As I follow legislative and policy issues I see a theme. I call it the "I'll have what they are having!" approach. In addition to working toward full practice authority, we put a great deal of effort into making sure that existing policy law is inclusive of advanced practice providers. We are making strides at the federal level toward securing the ability to order things like home health. Makes total sense. You would be hard pressed to find an NP who is philosophically or ethically opposed to ordering shoes for patients with diabetes.
At the state level, we are on alert to watch for new bills that exclude us-whether it is on purpose or from habit. We as a profession have made progress, but the tradition of referring to medical providers as "physician" is not easily changed. Much of the time it can be chalked up to habit, much like we call all tissues "Kleenex" even when we buy the store brands. Sometimes it's actively meant to exclude other providers. This is where a good lobbyist is essential. In addition to catching exclusionary language, lobbyists serve as a constant reminder that we are watching and will not stand by and let ourselves be marginalized. This is how we change the culture.
My concern this past year is that we haven't yet moved past the "me too" phase. A number of issues are on the horizon that should prompt us to consider our position. While we are working on changing the term "physician" to "provider," we should take care not to overlook the big picture. It's not enough to be included; we must start asking ourselves where we stand on the topic ... not just the language.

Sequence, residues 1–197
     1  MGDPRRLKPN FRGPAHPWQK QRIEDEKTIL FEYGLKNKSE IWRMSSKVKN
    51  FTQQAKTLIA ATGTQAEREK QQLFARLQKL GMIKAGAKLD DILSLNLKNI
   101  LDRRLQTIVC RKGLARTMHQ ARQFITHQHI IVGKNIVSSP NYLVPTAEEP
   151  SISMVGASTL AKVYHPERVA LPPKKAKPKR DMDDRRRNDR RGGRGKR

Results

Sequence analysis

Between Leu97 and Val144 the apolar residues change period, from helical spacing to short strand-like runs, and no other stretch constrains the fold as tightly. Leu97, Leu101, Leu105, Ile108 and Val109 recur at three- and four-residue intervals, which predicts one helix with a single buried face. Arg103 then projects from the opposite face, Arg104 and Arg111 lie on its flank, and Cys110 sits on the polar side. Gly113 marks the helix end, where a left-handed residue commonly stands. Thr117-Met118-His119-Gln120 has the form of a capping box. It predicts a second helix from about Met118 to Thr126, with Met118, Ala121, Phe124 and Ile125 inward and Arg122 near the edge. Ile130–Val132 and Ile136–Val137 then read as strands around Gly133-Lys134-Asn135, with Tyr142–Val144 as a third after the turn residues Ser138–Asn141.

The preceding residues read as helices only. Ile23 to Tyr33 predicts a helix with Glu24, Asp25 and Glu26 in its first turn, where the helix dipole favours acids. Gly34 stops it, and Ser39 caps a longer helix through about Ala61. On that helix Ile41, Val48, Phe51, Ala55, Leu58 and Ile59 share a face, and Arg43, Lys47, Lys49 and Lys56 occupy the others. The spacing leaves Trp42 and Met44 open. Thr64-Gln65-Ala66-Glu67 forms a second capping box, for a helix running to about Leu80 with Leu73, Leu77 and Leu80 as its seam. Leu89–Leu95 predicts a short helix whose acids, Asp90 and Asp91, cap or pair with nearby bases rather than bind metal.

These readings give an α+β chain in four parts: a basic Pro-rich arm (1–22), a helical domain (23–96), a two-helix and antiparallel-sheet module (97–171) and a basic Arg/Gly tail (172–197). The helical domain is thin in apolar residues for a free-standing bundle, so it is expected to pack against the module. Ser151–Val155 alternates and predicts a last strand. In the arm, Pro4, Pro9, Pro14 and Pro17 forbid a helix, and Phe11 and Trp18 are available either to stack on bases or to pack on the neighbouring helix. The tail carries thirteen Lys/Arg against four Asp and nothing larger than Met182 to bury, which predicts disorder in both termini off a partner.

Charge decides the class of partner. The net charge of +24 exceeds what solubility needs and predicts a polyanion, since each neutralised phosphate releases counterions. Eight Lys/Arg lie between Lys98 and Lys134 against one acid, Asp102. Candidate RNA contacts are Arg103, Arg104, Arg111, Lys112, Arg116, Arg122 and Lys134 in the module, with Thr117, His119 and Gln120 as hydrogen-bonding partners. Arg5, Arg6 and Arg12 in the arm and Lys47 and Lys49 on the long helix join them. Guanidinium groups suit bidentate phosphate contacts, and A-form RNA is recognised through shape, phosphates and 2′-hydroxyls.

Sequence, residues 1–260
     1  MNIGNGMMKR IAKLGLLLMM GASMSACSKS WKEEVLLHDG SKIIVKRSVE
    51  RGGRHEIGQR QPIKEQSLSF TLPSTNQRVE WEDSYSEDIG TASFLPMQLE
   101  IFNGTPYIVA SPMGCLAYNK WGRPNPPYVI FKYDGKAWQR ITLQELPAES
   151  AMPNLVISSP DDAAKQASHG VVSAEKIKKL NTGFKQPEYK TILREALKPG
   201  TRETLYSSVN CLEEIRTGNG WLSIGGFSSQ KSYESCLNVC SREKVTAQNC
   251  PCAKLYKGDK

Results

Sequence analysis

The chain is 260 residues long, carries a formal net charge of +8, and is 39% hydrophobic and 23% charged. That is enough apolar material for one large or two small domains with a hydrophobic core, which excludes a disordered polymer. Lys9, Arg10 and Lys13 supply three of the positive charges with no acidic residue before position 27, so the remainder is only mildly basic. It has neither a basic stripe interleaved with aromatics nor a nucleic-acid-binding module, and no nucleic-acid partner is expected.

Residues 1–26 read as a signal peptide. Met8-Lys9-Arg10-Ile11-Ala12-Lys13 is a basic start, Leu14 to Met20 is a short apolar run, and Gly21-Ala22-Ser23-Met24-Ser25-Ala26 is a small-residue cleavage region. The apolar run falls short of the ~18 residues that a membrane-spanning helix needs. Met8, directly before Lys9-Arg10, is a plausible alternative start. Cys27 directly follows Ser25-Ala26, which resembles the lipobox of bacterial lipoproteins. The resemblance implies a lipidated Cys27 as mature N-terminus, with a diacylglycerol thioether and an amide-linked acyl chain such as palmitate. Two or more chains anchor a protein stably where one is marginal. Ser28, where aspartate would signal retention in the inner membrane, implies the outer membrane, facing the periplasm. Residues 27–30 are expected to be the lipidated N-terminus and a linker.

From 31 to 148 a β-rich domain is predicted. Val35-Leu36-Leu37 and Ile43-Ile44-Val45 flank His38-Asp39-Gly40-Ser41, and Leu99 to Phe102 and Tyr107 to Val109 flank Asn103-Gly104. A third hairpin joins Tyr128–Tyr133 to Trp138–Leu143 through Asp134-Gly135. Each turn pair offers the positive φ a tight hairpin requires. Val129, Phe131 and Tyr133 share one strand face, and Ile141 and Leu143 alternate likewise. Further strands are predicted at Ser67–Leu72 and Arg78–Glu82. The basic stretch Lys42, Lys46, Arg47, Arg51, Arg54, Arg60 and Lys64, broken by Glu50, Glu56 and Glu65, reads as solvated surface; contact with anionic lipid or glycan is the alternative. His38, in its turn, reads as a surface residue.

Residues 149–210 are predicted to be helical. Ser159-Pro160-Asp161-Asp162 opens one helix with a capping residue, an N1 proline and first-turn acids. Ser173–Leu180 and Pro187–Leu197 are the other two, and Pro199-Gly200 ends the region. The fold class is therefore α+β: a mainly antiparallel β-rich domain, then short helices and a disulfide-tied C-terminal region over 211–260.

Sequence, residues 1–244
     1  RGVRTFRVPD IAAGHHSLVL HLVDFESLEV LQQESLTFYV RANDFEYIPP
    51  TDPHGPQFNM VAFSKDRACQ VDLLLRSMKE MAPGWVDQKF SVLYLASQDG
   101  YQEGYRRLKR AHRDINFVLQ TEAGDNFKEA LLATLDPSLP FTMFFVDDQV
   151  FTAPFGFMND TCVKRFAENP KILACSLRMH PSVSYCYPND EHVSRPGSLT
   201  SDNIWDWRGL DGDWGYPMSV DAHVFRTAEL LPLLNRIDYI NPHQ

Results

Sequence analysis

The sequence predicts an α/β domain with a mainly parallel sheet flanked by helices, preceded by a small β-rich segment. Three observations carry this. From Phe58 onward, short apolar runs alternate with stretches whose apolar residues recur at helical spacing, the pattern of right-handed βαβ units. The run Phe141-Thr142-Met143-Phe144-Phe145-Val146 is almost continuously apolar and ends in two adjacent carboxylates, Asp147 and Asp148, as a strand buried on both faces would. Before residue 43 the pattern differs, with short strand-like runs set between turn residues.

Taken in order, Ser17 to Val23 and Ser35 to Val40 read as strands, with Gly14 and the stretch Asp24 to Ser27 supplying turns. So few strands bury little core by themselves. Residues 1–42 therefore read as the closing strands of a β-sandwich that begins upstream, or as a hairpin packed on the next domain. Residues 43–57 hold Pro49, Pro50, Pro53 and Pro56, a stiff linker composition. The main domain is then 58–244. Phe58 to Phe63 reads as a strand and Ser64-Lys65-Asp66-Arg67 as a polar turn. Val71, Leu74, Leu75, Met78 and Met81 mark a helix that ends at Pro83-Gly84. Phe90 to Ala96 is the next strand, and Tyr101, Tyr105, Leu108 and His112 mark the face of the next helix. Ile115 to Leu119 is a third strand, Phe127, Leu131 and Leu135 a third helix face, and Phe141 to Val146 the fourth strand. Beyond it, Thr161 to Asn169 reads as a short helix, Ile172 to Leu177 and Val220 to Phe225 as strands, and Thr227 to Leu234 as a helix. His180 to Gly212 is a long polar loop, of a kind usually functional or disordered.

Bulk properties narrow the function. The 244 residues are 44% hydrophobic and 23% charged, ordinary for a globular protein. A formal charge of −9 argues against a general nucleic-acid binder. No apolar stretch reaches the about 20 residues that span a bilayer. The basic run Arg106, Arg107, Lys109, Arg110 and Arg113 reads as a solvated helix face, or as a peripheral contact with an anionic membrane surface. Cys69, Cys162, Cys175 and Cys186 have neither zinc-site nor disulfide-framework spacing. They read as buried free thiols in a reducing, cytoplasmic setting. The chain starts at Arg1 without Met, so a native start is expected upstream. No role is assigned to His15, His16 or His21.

A number of highly controversial subjects have emerged in healthcare, and we need to weigh in on them as a group. For instance, where do we stand on medical cannabis? What is our position on assisted suicide? Various physician groups have published their stances on these two hot button issues, but we have been mostly silent.
The reason I bring this up is that while we may feel our autonomy is protected by adding our names to legislation, doing so may be shortsighted if we don't first develop a stance. These are subjects that folks are passionate about, some of which may be faith based. It may not seem like a big deal now, but I worry that it could be a very short walk from our professions being eligible to participate in these activities to finding ourselves being compelled to participate. It's time to start thinking bigger.